“Structured heterogeneity in Scottish stops over the twentieth century”, a paper by Morgan Sonderegger, Jane Stuart-Smith, Thea Knowles (McGill BA 2012, Asst Prof at U. Buffalo), Rachel Macdonald, and Tamara Rathcke, was published in the March issue Language. Congrats all!Abstract: How and why speakers differ in the phonetic implementation of phonological contrasts, and the relationship of this ‘structured heterogeneity’ to language change, has been a key focus over fifty years of variationist sociolinguistics. In phonetics, interest has recently grown in uncovering ‘structured variability’—how speakers can differ greatly in phonetic realization in nonrandom ways—as part of the long-standing goal of understanding variability in speech. The English stop voicing contrast, which combines extensive phonetic variability with phonological stability, provides an ideal setting for an approach to understanding structured variation in the sounds of a community’s language that illuminates both synchrony and diachrony. This article examines the voicing contrast in a vernacular dialect (Glasgow Scots) in spontaneous speech, focusing on individual speaker variability within and across cues, including over time. Speakers differ greatly in the use of each of three phonetic cues to the contrast, while reliably using each one to differentiate voiced and voiceless stops. Interspeaker variability is highly structured: speakers lie along a continuum of use of each cue, as well as correlated use of two cues—voice onset time and closure voicing—along a single axis. Diachronic change occurs along this axis, toward a more aspiration-based and less voicing-based phonetic realization of the contrast, suggesting an important connection between synchronic and diachronic speaker variation.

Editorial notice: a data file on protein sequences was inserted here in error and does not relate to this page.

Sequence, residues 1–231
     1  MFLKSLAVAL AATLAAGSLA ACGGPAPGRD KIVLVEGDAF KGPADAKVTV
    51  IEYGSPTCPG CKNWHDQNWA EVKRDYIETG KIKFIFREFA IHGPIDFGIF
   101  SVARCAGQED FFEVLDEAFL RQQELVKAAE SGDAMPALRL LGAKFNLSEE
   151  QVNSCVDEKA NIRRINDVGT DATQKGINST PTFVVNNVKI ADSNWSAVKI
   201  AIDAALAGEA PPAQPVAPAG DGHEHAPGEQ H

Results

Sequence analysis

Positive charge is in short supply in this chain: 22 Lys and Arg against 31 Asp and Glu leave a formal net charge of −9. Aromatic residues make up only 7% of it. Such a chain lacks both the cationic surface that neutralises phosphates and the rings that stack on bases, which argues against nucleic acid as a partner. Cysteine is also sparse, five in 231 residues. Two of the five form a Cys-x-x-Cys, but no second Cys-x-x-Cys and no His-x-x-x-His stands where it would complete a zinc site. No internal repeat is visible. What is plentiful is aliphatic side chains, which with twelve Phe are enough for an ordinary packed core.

In recent years, we have seen major improvements to various Natural Language Processing tasks. Despite their human-level performance on benchmarking datasets, recent studies have shown that these models are vulnerable to adversarial examples. It is shown that these models are relying on spurious correlations that hold for the majority of examples and suffer from distribution shifts and fail on atypical or challenging test sets. Recent work has shown that large pre-trained models improve model robustness to spurious associations in the training data. We observe that superior performance of large pre-trained language models comes from their better generalization from a minority of training examples that resemble the challenging sets. Our study shows that multi-task learning with the right auxiliary tasks improves accuracy on adversarial examples without hurting in distribution performance. We show that this holds true for multi-modal task of Referring Expression Recognition and text-only tasks of Natural language inference and Paraphrase identification.